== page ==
Just before leaving office, U.S. President Barack Obama issued a permanent ban on offshore drilling in the US part of the Arctic Ocean as well as a few areas on the country's Atlantic coast. Environmentalists are ecstatic about the decision to ban drilling, while those who had hopes for President-Elect Donald Trump's pro-development agenda are disappointed.
Along with similar steps taken by Canadian Prime Minister Justin Trudeau, Obama blocked drilling in federally owned land in the Arctic and Atlantic Ocean. This will extend the current moratorium on Alaskan oil drilling and five-year offshore drilling ban - which was supposed to start in 2017 - indefinitely.
Obama used a little-known 1953 law called the Outer Continental Shelf Lands Act, to instate the ban - a move that will make it difficult for President-Elect Trump's administration to reverse the decision.
Obama's decision has received a lot of positive feedback from environmentalists who were worried about Trump's pledge to repeal what he called "draconian climate rules" that interfered with resource development. Oil spills in Arctic waters could be catastrophic for delicate ecosystems already feeling the impacts of global warming. Some of the environmental groups have even stated that the consequences of an oil spill in the Arctic would be "uncontrollable". Due to harsh Arctic conditions, oil "recovery rates will never be 100% and are actually more likely to be around 10 to 20%." Aside from the possibly of a spill, Arctic marine species, fishing, and traditional livelihoods such as hunting could also see some impacts due to oil exploration and extraciton activities.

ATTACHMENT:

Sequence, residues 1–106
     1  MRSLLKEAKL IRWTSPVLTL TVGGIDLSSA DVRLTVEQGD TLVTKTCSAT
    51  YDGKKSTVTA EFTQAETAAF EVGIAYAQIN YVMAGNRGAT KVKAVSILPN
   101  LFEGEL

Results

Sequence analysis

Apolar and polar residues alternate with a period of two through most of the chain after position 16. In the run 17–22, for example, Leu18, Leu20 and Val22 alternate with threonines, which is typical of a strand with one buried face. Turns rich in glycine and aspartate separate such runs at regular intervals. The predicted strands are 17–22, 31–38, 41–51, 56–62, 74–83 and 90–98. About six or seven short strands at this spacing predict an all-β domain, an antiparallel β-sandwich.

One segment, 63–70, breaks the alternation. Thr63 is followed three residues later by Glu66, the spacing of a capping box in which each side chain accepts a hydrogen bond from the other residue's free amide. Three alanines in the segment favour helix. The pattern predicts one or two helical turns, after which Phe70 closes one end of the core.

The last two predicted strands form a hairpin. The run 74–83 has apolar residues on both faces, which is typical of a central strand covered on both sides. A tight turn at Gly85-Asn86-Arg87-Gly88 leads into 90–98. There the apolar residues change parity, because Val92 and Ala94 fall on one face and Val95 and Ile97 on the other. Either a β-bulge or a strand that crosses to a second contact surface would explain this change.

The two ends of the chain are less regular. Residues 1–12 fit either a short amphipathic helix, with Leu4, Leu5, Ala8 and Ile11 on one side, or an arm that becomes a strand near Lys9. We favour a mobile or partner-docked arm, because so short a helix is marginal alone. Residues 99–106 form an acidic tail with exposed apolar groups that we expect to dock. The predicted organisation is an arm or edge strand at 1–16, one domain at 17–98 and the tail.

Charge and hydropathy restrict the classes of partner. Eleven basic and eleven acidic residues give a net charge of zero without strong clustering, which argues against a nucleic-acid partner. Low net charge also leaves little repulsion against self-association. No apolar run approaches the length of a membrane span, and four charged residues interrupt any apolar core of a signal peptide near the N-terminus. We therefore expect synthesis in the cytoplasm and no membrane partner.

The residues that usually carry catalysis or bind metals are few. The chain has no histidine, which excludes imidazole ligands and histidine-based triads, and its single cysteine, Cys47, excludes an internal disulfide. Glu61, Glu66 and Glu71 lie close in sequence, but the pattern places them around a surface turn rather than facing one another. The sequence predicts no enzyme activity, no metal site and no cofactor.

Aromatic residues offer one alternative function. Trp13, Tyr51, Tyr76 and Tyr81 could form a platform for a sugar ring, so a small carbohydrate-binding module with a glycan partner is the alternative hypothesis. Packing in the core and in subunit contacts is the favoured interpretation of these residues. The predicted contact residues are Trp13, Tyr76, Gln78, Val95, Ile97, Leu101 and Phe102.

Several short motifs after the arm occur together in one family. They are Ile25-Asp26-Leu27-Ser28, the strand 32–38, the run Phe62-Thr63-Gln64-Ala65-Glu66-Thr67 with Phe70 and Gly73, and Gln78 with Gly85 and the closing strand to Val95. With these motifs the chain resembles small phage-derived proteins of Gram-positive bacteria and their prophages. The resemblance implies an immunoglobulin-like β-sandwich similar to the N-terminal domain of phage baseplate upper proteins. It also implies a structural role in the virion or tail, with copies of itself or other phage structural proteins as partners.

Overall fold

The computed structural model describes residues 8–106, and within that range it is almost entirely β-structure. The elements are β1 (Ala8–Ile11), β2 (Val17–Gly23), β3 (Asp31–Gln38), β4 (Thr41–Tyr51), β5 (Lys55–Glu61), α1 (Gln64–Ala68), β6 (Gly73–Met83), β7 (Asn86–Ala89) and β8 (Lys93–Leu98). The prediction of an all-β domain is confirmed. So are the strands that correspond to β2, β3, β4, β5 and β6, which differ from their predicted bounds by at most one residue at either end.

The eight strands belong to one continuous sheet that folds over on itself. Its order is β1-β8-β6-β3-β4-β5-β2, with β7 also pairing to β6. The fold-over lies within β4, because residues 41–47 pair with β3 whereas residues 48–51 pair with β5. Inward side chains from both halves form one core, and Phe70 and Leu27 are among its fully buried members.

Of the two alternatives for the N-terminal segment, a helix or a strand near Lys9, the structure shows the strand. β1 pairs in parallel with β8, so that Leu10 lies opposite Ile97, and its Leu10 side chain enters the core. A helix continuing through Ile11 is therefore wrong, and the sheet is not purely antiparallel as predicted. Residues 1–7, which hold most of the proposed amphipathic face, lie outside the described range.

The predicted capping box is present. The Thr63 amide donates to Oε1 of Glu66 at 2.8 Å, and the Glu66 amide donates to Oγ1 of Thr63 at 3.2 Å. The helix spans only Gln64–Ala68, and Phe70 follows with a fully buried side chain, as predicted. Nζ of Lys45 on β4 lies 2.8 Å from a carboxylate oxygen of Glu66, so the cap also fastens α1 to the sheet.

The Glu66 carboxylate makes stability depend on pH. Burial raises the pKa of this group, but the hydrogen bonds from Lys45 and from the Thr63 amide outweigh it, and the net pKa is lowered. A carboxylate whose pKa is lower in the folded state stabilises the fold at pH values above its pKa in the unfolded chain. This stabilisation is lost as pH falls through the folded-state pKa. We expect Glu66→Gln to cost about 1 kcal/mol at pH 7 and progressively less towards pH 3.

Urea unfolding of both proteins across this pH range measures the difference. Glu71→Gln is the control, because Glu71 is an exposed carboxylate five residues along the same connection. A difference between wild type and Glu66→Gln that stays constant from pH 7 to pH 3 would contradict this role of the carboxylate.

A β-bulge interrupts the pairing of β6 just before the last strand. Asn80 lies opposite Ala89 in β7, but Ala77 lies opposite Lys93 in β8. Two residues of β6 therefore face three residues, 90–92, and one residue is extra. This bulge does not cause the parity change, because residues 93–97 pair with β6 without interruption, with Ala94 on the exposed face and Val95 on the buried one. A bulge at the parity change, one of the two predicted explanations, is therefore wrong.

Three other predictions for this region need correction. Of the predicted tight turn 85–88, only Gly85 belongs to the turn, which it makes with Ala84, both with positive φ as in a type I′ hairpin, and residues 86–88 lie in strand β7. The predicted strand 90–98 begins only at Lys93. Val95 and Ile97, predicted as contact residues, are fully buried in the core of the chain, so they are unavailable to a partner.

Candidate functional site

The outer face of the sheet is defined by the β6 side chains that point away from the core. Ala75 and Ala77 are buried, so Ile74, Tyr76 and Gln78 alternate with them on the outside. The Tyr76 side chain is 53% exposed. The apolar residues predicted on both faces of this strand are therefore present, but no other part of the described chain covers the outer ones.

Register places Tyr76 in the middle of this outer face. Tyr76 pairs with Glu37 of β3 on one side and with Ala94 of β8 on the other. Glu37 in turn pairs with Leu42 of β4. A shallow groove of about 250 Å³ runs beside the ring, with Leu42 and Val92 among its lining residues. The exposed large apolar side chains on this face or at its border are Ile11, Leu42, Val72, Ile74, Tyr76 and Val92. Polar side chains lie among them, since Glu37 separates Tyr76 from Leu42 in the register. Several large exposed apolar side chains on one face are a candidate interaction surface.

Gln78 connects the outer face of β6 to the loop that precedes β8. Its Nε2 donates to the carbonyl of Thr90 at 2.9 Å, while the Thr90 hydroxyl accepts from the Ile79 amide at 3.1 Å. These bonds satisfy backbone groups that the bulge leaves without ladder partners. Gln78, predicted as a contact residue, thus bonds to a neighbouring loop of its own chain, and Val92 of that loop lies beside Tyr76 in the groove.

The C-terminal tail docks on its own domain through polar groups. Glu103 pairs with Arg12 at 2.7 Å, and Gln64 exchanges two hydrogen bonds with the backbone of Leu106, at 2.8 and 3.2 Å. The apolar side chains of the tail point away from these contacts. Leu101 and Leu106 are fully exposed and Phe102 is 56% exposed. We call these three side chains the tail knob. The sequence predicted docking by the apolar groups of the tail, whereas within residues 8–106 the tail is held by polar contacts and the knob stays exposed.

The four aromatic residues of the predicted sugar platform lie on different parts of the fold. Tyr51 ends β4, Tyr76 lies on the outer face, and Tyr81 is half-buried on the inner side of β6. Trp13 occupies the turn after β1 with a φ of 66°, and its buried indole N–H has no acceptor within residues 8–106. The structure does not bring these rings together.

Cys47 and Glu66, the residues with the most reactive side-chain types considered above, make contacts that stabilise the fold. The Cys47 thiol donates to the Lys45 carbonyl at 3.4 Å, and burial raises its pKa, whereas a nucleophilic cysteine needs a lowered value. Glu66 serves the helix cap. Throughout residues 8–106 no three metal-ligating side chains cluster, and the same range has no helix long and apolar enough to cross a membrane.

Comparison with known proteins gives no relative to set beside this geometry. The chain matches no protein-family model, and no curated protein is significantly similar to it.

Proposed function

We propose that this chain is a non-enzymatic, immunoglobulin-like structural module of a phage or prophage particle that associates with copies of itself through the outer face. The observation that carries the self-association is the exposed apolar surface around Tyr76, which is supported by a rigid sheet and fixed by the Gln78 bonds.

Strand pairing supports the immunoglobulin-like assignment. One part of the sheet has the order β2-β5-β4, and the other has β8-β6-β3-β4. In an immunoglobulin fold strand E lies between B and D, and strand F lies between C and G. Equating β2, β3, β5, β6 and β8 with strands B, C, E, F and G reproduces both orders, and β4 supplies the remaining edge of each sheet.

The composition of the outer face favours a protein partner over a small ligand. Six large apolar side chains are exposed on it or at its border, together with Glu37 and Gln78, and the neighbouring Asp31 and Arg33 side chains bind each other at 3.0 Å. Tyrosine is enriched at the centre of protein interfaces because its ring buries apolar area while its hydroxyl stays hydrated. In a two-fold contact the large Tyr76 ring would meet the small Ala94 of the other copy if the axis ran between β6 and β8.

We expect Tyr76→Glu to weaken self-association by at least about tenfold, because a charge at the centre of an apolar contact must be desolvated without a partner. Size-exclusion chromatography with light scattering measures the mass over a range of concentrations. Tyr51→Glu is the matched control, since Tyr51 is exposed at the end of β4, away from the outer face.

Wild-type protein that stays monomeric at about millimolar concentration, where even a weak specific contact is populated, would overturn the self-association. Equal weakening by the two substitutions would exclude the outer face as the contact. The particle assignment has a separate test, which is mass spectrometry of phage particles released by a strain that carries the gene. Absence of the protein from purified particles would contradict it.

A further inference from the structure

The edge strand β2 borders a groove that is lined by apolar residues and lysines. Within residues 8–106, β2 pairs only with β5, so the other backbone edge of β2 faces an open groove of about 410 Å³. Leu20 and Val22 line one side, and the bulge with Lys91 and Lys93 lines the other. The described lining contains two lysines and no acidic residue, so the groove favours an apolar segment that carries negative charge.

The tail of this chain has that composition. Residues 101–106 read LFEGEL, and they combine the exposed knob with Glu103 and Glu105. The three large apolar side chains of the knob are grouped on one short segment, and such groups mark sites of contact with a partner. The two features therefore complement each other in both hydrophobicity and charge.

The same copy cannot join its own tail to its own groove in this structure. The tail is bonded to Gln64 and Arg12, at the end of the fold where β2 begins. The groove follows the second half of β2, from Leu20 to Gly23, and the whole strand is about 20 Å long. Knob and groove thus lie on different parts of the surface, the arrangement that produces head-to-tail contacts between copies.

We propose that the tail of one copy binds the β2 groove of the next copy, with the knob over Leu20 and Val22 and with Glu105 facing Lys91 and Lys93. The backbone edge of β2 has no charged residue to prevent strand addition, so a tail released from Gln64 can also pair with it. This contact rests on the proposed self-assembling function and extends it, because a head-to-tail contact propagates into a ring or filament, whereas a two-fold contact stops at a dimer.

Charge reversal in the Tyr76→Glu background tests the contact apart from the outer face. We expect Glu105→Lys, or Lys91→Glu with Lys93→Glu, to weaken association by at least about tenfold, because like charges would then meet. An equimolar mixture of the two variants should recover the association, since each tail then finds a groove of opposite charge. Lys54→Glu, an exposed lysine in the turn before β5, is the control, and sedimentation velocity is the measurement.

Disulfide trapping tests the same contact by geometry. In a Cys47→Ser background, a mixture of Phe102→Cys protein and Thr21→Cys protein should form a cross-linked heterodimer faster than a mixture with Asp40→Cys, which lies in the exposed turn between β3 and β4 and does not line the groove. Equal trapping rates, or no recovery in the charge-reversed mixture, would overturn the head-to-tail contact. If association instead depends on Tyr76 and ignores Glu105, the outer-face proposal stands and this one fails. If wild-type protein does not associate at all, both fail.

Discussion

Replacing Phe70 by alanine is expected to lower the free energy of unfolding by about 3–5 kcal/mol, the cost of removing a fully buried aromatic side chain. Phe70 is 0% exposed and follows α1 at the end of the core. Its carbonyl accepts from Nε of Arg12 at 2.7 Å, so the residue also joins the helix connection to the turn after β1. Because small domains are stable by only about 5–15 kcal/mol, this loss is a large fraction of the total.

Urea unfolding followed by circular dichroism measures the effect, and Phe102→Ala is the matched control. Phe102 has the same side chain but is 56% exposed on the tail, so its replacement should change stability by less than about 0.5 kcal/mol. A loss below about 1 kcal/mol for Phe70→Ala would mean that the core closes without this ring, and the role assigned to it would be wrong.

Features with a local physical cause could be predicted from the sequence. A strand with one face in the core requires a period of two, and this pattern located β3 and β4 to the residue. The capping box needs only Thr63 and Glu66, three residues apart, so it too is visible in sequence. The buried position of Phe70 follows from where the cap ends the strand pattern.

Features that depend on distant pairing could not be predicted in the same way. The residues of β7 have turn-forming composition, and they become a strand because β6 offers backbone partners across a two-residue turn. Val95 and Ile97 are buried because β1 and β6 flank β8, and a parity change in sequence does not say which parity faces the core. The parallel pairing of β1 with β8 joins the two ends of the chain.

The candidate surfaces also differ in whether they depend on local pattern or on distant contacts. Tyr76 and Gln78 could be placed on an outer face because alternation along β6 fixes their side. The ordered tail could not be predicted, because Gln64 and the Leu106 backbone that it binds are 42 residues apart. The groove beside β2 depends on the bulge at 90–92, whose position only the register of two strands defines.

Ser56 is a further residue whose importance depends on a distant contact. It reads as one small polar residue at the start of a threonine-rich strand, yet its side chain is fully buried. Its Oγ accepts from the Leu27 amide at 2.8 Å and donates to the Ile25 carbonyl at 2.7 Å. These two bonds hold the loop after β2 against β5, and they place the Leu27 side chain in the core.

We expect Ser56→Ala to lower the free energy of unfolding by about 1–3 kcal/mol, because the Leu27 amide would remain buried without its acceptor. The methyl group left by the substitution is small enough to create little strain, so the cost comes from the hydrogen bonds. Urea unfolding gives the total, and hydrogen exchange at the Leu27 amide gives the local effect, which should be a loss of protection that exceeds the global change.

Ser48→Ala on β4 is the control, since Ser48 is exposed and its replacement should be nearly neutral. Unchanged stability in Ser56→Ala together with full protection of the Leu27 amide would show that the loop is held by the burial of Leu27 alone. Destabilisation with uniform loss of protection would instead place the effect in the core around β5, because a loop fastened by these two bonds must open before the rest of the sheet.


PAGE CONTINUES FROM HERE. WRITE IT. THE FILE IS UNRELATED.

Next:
Those who believe Obama's ban is a bad idea argue that Trump's pro-development agenda would ultimately translate into a broad range of economic opportunities, including potentially more oil and gas development in the Arctic Ocean. More oil drilling would create jobs and support the state and municipalities, which rely on the oil and gas industry to provide jobs and revenue.
"Oil and gas is the main engine keeping our schools open and paying for services," said John Hendrix, Alaska Governor Bill Walker's Oil and Gas Advisor. Additionally, it will be more difficult to make the US completely energy independent without further oil and gas development.